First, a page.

In the months leading up to Diego’s silver anniversary, a new director was eased in to his shoes allowing him to take up the responsibility of CEO. Previously a project manager for prestigious Dutch shipbuilder Oceanco, Carlos Morales started as deputy general manager for Astilleros de Mallorca in April 2016, before being elevated to a director-level general manager in July 2017. The appointment has given Diego more time to focus on the bigger picture.
“Last year Carlos helped me, and now I am helping Carlos,” says Diego. “I am slowly trying not to be involved in day-to-day issues, instead I immerse myself in the world of high-level strategy, meetings with the board, shareholders, and the various organisations which I am passionate about.”
One of those organisations is ICOMIA (the International Council of Marine Industry Associations) which brings together national marine industry associations in one global organisation and represents them at an international level. Another is AEGY (the Spanish Large Yacht Association) which Diego founded in 2005 and remains president of today.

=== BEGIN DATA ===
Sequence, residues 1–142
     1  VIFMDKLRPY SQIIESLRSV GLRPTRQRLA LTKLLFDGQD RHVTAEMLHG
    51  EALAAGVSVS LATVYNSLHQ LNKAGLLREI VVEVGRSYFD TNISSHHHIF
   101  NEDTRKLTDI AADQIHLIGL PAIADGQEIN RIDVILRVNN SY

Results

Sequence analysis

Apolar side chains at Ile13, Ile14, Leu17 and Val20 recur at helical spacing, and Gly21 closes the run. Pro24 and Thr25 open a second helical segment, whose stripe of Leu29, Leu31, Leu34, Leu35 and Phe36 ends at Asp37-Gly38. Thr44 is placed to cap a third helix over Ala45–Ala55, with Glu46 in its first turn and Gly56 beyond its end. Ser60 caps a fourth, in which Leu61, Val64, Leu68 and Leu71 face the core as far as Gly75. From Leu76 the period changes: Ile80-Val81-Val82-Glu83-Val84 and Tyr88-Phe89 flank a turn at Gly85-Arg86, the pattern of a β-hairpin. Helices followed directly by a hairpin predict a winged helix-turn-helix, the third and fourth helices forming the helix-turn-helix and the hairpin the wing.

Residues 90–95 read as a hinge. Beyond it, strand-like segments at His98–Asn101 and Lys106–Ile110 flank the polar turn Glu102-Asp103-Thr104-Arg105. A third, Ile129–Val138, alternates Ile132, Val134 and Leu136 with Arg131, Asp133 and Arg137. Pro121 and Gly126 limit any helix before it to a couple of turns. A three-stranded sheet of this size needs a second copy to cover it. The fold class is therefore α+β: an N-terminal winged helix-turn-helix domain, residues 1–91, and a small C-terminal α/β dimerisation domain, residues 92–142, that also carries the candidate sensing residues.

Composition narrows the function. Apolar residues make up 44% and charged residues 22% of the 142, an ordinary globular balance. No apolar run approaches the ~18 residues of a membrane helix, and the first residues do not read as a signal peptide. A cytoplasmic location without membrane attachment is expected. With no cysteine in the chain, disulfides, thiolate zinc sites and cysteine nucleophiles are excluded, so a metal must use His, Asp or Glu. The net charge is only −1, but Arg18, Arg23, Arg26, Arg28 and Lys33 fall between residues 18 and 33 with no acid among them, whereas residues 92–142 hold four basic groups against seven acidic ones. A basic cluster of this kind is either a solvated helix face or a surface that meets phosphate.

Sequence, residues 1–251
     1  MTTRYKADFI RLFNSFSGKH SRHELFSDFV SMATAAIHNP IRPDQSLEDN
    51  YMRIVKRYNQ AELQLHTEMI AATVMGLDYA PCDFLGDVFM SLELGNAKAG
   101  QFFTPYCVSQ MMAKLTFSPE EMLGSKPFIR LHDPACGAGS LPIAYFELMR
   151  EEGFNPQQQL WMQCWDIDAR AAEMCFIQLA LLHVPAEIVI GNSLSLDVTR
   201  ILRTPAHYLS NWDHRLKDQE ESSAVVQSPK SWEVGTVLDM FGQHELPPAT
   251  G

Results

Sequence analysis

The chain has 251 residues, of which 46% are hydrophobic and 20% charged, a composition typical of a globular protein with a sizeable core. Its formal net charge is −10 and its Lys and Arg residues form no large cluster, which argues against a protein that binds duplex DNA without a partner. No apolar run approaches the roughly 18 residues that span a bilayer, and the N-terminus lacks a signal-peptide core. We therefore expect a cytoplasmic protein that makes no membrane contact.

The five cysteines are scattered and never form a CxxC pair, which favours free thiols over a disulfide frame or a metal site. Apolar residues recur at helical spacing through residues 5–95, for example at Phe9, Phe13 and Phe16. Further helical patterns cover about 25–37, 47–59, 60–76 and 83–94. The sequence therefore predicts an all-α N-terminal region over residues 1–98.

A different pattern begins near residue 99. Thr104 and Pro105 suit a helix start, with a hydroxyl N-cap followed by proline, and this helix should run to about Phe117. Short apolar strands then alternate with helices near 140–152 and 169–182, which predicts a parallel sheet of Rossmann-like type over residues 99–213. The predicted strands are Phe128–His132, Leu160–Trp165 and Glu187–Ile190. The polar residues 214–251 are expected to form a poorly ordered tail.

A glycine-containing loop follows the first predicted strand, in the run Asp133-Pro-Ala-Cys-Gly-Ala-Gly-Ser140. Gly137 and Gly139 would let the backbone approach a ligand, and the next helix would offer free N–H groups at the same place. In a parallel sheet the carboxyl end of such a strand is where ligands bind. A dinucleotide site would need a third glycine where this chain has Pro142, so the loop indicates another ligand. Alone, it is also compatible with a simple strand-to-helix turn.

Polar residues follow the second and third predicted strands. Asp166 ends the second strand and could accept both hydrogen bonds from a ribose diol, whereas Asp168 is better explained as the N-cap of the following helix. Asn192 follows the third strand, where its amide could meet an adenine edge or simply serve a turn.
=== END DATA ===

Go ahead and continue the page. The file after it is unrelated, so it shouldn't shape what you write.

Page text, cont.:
Similarly, Diego co-founded BYD (Balearic Yacht Destination) which unites 17 of the leading Balearic-based superyacht marinas, refit shipyards, management and service companies including Global Yachting Group, e3 Systems, Marina Ibiza, STP (Servicios Técnicos Portuarios), Port Adriano, Master Yachts and Astilleros de Mallorca. The organisation was formed in 2014 with the objective of leveraging its collective resources to promote the Balearics to an international audience as a leading destination for superyacht cruising, berthing and refit.